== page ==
Suzuki informs Tara that there is a remedy that is probably capable of causing the monster and Larry Stanford to split apart; unconvinced, she gives Suzuki a suicide knife. Instead, Suzuki murders his other failed specimen, a monster that was once his wife.

When Stanford enters the lab Suzuki is able to inject him. Stanford goes on a rampage, destroying the lab, then following Tara to the volcano. Will the new formula work to salvage Larry?


  • Peter Dyneley as Larry Stanford
  • Jane Hylton as Linda Stanford
  • Tetsu Nakamura as Dr. Robert Suzuki
  • Terri Zimmern as Tara
  • Jerry Ito as Police Supt. Aida
  • Norman Van Hawley as Ian Matthews
  • Toyoko Takechi as Emiko Suzuki
  • Kenzo Kuroki as Genji Suzuki
  • Alan Tarlton as Dr. H. B. Jennsen
  • Shinpei Takagi as Temple Priest
  • George Wyman as the Monster


The Manster was an American production filmed in Japan, using a mostly Japanese crew and a number of Japanese actors.[1][6][3] The Manster was shot in English.[7] The film had several working titles, including Nightmare and The Two-Headed Monster.[8] It was photographed by David Mason and edited by Kenneth G. Crane.[3] Shinpei Takagi handled the special effects,[8] George Wyman played the titular monster and Hirooki Ogawa composed the soundtrack.[5]


The Manster was released in Japan on July 10, 1959 in Tokyo.[9]

Lopert Pictures released The Manster in the United States on March 28, 1962 as a double feature with Eyes Without a Face.[8][6] In the United Kingdom, The Manster was released as The Split.[8] The American Film Institute also states that the film premiered in the United States in San Francisco on March 28, 1962, at a run time of 72 minutes.[3][1]

The film was shown on Elvira's Movie Macabre and later released on DVD.[10]


In a contemporary review, the Monthly Film Bulletin reviewed a 67-minute version of The Manster titled The Split.[11] The review called the film to be "a pathetic pot-boiler", "never frightening" and an "incredibly far-fetched rehash of all the ingredients of the convention SF-horror film".[11] The review criticized the fact that the second head of the character appears to only "bob up and down on the actor's raincoated shoulder, only visible in night scenes and never in close-up".[11]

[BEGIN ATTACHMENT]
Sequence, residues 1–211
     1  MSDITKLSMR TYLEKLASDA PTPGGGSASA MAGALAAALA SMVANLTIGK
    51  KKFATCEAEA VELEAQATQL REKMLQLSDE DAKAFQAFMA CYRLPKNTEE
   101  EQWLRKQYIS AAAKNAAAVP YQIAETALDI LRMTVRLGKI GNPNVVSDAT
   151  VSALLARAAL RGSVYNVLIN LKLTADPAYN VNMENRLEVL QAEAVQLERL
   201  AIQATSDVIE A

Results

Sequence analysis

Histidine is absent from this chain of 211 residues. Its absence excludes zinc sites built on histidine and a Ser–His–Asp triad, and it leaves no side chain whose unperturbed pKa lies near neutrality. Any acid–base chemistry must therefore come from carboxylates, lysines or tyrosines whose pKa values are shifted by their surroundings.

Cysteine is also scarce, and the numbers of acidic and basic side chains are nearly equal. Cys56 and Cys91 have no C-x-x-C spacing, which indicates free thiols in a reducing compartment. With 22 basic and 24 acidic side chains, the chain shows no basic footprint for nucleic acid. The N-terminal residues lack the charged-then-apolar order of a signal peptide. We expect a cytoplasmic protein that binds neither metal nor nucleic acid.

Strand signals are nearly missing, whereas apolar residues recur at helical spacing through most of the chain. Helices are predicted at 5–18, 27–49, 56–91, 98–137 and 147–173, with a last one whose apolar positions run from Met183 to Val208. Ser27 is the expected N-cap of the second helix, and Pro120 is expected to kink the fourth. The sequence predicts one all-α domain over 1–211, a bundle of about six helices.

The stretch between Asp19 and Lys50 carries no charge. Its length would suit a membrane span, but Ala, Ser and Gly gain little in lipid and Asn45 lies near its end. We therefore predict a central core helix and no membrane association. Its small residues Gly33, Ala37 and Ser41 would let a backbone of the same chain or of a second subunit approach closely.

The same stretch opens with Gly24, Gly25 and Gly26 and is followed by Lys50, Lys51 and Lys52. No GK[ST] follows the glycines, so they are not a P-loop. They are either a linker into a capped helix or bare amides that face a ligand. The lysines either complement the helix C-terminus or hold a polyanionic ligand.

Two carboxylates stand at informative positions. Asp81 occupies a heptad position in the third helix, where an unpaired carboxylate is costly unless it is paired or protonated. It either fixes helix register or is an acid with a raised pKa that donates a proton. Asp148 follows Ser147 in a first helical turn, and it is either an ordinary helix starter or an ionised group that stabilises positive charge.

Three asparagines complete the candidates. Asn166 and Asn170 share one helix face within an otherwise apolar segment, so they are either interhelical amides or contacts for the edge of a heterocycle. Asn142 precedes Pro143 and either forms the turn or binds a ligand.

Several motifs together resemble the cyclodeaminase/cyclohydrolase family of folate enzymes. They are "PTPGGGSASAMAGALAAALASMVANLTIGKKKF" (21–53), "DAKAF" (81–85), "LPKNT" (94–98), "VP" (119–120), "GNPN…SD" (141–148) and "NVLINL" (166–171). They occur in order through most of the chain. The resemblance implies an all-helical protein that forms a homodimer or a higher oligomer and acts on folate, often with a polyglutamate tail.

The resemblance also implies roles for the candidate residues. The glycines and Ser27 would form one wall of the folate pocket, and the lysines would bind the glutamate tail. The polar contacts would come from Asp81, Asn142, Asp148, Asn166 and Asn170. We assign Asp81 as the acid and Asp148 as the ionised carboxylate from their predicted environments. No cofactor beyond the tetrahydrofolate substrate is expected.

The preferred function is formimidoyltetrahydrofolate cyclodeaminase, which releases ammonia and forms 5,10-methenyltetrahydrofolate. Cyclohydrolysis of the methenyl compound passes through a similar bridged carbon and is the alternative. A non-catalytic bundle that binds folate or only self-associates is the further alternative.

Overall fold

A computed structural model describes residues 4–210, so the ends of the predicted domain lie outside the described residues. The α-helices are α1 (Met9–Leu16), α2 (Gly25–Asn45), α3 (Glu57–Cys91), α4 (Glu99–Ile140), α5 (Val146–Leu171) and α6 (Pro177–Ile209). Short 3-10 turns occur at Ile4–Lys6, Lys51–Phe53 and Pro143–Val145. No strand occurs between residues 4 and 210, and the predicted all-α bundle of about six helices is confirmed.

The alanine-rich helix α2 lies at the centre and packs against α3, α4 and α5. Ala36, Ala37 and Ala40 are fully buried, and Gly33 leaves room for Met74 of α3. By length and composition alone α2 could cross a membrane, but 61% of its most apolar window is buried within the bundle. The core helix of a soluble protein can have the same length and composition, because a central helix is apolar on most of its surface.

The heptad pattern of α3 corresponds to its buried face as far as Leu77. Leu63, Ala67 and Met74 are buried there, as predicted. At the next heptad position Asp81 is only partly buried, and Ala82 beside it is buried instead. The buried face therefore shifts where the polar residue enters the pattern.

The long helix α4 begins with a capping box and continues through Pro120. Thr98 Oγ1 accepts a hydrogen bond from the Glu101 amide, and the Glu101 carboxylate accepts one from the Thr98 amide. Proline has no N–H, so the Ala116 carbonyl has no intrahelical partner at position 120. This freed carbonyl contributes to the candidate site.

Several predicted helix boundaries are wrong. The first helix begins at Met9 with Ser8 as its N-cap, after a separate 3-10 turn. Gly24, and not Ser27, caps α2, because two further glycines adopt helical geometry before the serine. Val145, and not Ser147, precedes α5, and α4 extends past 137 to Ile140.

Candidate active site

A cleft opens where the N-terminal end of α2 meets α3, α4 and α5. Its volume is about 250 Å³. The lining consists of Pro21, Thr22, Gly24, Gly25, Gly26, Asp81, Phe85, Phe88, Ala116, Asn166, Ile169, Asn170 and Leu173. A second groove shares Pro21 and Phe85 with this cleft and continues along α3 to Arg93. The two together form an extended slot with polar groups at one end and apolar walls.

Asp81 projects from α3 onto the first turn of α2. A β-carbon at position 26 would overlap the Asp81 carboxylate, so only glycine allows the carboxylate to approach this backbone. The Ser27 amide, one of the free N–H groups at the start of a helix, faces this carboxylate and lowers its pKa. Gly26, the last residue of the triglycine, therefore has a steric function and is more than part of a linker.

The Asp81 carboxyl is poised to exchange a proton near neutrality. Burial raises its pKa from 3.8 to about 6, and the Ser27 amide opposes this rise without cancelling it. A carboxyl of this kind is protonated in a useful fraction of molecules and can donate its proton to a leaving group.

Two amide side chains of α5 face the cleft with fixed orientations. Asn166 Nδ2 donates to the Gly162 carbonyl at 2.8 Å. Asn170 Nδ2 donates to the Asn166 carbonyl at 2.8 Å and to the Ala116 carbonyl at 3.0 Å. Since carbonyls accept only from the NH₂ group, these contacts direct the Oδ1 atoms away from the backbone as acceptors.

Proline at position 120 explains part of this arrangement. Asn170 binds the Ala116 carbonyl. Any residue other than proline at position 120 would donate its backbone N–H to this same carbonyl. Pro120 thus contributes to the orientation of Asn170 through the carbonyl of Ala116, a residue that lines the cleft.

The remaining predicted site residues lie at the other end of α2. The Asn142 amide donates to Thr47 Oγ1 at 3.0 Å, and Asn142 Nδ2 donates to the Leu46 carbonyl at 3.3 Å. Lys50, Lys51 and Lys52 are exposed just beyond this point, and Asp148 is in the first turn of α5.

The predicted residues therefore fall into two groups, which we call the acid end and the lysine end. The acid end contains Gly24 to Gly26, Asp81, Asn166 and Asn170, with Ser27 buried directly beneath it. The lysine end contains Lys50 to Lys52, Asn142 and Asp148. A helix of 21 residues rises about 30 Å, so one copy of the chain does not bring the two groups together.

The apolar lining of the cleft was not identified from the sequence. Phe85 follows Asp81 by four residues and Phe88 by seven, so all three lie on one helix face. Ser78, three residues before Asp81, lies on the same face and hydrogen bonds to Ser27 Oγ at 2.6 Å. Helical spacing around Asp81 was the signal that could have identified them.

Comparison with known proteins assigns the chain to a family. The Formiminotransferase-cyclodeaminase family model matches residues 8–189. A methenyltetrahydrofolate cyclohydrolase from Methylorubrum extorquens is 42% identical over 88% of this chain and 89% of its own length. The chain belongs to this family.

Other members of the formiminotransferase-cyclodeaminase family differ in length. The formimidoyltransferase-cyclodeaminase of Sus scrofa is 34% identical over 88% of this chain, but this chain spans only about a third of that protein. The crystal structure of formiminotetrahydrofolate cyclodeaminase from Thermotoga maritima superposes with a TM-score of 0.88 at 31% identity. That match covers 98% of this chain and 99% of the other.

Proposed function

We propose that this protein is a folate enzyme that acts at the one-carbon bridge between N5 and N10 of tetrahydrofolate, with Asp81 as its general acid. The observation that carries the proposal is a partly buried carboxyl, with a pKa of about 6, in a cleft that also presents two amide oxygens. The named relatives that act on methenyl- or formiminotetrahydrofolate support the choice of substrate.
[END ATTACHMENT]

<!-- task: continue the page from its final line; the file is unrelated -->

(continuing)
In a retrospective review, AllMovie film critic Hal Erickson wrote, "Manster is a favorite among campy horror aficionados and for good reason as it is both unintentionally funny and genuinely creepy...Wait till you see the climax, with the hero battling himself on the edge of a live volcano".[12]


  1. ^ a b c "The Manster". American Film Institute. Archived from the original on September 21, 2015. Retrieved November 9, 2016.
  2. ^ a b "The Manster (1959)". BFI. Archived from the original on April 20, 2021. Retrieved July 11, 2023.
  3. ^ a b c d e Galbraith IV 1996, p. 281.
  4. ^ Galbraith IV 1996.
  5. ^ a b Galbraith IV 1996, p. 386.
  6. ^ a b Lucas, Tim (August 2008). "Les yeux sans visage (The Horror Chamber of Dr. Faustus)/The Manster". Sight & Sound. Vol. 18, no. 8. p. 34.
  7. ^ Galbraith, Stuart (1994). Japanese Science Fiction, Fantasy and Horror Films. McFarland. p. 66.
  8. ^ a b c d Galbraith IV 1996, p. 282.
  9. ^ Ricketts, Al (June 30, 1959). "On the Town". Pacific Stars And Stripes. p. 6.
  10. ^ Bogino, Jeanne (March 1, 2012). "Elvira's Movie Macabre: The Brain That Wouldn't Die; The Manster". Library Journal. Vol. 137, no. 4. p. 62.
  11. ^ a b c "Split, The". Monthly Film Bulletin. Vol. 28, no. 324. 1961. p. 67.
  12. ^ Erickson, Hal. "The Manster (1959)". AllMovie. Retrieved November 9, 2016.